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Industry Nine Factory Visit: How Their Hubs Are Made

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Earlier this year, we dropped in on Jeff and the crew at Industry Nine to see what was new, which yielded your first look at their new road hubs and wheels. While there, we toured the factory and Jeff was kind enough to show us exactly how they make their hubs, why they’re special and provided a few lessons on machining and anodization.

Be forewarned, if you didn’t want a set of I9 hubs before, you most likely will after reading this. If you’re one of the folks that has waited patiently in the past for a set of hubs or wheels, you’re about to learn what the bottleneck is (it’s probably not what you think). And if you’ve never heard of Industry Nine, consider this a crash course on one of the few brands that’s 100% made in the U.S.

Welcome to the Industry Nine factory tour in Asheville, NC…


While this machine is actually one of the last things we saw on the tour, this is where the hubs’ lives begin. 3.75″ diameter billet 7075-T6-51 aluminum rods are sent through this cutter…


…and trimmed to the width of the hub shell they are to become.


After they’re cut, the bins of blanks head to the machine room:



First, the blanks run through a rotary horizontal lathe.



Industry Nine’s Jeff Baucom shows the first and second stage of the product while sporting a Blue Ridge gentleman’s beard. The process from his right hand to left takes about 90 seconds. No bottleneck there.


From there, they get milled in all directions by a vertical 5-axis lathe to cut away the material between the ridges for the spokes. A special modification gives I9’s equipment a sixth axis that creates the 8º angle for the spoke beds, which orients them so they aim directly at the rim…no bend that could stress the spoke.


The result is a hub shell for either road (above) or mountain (below).


Actually, the photo above shows the rear hub with disc brake rotor drillings, which, along with the spoke holes and threads, don’t get cut until after they take an Easter egg bath in the ano chemicals:


Anodization is an ugly process. Ugly to look at and ugly to work with and dispose of. Industry Nine brought their ano in house for quality control, but the side benefit is smaller tanks of chemicals being used overall. As for quality control, their ‘wall of shame’ shows why they wanted to bring it in house:


Shades of orange…










…and pink (although, this color’s various shades could just be because Dicky’s so hard to please).

Jeff said a lot of ano is done overseas, and they would get back batches of hub shells that were so far off the target shade that they were all but useless, with front and rear hubs not matching. Because the vendors were overseas, getting any sort of real recompense was difficult. More importantly, it did nothing to replace the hub shells and the time and energy that went into producing them. After anodization, the shells are drilled and threaded for the spokes and rotors. This is done after the ano to ensure proper tolerances and ensure proper contact between spoke or screw and hub.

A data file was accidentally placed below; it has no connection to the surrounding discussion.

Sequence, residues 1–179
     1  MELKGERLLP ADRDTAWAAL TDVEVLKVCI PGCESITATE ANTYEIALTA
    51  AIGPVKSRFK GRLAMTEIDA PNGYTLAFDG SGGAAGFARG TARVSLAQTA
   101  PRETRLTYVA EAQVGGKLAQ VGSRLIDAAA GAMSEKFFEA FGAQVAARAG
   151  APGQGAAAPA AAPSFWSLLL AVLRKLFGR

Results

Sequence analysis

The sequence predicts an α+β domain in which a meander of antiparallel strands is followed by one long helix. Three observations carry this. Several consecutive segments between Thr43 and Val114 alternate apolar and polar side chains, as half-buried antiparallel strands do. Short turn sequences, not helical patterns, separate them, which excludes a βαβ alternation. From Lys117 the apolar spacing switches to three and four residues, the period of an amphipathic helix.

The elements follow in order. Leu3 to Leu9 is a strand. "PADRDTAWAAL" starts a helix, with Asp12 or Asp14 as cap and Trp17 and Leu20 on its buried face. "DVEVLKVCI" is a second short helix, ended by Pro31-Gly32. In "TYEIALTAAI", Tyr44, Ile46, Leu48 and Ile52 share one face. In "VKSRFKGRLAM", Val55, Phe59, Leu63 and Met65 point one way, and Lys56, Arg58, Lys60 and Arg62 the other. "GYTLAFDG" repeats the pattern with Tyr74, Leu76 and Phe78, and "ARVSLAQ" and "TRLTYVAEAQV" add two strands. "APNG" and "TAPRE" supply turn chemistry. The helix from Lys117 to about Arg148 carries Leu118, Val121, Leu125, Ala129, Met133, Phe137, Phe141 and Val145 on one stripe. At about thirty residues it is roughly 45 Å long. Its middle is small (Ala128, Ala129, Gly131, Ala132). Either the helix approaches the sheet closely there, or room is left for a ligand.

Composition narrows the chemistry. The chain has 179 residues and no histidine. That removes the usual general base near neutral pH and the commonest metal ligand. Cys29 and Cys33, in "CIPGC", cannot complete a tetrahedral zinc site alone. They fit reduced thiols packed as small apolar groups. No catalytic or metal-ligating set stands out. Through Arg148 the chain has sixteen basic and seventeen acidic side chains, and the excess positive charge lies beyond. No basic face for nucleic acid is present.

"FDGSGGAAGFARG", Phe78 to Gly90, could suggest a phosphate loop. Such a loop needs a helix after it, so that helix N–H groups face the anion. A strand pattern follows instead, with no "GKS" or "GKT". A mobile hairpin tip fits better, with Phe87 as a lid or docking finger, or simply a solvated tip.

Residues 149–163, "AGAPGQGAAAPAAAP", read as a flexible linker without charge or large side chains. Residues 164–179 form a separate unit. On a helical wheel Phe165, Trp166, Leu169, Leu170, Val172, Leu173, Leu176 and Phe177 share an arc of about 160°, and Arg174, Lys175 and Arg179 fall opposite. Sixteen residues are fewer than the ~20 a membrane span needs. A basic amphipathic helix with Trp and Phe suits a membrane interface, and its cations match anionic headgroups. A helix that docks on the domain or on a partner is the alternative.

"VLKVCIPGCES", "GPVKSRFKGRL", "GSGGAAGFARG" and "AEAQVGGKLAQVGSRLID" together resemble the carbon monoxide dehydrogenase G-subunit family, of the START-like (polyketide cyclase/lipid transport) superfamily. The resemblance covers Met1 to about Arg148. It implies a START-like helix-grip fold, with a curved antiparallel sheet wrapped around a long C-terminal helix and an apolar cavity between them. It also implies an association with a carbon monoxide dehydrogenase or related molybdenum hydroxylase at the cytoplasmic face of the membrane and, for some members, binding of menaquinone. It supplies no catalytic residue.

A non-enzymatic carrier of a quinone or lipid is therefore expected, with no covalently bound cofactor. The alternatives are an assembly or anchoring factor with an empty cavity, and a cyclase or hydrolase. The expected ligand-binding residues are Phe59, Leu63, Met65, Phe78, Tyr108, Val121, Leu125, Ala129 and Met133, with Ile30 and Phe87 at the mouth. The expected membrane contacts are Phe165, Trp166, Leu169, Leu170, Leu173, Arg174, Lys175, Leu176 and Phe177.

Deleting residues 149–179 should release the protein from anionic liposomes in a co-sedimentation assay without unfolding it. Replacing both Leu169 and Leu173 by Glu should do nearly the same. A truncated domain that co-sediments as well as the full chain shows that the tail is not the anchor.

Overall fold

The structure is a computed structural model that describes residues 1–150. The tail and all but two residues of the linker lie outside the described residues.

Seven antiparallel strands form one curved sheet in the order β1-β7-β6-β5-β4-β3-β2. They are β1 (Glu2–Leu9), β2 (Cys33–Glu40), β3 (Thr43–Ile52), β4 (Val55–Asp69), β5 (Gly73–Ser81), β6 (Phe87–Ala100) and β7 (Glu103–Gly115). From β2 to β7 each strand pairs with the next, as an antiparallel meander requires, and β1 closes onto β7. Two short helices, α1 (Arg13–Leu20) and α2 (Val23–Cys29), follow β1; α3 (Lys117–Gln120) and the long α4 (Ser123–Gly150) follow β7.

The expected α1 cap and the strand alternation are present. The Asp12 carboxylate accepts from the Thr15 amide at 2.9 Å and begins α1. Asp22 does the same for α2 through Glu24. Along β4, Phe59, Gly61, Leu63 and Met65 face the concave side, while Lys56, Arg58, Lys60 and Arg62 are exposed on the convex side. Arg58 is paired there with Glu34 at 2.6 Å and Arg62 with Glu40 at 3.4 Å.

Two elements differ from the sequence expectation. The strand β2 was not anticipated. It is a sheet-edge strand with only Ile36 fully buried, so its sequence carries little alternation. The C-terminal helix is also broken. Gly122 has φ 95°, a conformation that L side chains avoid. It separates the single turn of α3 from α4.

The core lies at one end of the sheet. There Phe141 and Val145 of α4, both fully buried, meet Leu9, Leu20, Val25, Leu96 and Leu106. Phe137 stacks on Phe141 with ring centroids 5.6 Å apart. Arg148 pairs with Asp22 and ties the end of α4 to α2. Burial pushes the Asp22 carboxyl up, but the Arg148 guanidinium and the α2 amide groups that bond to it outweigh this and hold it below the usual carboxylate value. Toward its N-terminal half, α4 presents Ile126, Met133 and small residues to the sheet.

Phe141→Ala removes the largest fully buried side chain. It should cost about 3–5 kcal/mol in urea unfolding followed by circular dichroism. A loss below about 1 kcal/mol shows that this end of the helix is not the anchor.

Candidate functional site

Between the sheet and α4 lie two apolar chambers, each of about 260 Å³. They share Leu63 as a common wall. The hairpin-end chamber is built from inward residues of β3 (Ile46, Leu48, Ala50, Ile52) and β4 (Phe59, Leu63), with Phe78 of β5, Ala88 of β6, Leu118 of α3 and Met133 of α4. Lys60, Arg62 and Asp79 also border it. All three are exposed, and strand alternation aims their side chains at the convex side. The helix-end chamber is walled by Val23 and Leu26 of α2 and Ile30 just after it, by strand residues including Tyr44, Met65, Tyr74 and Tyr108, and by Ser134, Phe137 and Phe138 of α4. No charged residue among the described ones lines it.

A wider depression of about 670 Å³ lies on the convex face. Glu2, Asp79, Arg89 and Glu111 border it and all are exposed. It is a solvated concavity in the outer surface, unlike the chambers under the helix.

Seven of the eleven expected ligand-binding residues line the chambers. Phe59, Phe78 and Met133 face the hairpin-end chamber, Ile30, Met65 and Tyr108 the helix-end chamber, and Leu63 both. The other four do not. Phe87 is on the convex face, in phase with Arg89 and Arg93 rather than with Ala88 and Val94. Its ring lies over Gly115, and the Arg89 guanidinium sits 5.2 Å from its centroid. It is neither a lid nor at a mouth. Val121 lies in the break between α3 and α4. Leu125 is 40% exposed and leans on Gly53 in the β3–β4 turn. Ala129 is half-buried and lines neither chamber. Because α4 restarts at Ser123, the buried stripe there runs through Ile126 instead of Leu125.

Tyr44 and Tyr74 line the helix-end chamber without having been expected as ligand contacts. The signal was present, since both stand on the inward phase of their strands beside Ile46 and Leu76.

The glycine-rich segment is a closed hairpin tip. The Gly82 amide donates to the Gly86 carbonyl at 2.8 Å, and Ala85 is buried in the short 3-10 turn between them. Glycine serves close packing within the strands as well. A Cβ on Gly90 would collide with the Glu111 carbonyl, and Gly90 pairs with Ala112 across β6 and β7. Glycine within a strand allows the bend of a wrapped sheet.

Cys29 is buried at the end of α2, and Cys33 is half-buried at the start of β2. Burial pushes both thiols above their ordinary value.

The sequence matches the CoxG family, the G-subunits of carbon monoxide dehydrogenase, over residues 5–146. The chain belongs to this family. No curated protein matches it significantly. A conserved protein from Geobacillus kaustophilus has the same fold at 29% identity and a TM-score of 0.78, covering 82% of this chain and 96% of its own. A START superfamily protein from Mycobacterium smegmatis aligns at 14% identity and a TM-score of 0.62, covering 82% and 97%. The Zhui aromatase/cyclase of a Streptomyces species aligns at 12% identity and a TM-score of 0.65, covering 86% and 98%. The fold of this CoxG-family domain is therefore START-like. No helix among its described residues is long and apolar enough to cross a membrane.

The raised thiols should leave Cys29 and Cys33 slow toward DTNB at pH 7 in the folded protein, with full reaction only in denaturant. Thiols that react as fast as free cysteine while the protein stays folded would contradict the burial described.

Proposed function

If the machining of the hub shells seems impressive, it pales in comparison to the work put into the drive rings and pawls. Shown above, both parts are cut using an EDM (Electrical Discharge Machine) that sends an insane amount of electrical current through a thin wire (that gold stringy thing above, and below with the arrow pointing to it).


The parts to be cut sit below what you’re seeing here in a di-electric liquid bath. The wire threads down off a giant spool above the machine and is essentially wasted by the time it’s moved through the parts even though it never actually touches the metal it’s cutting. The electricity reacts with and erodes the metal to create the desired shape.


Seems like Jeff was showing me all the secrets there, so I asked if we could take pictures of everything and share it. The answer, obviously, was yes, and here’s why he’s not concerned about competitors taking this and copying them: The EDM machine used by Industry Nine costs somewhere between half to a full million dollars. The drive rings and pawls are made of incredibly hard A2 Tool Steel, which is a) very expensive and b) the same stuff tractor trailer gears are made from. They’re cut by the EDM to such precise tolerances and the metal is so strong that the wheels could be driven consistently with just one pawl making only partial engagement. Basically, the machines and materials used are so expensive that I9 only turns a profit because the equipment is paid for from the owner’s other company (which, coincidentally, used to make parts for several other cycling companies before launching the Industry Nine brand).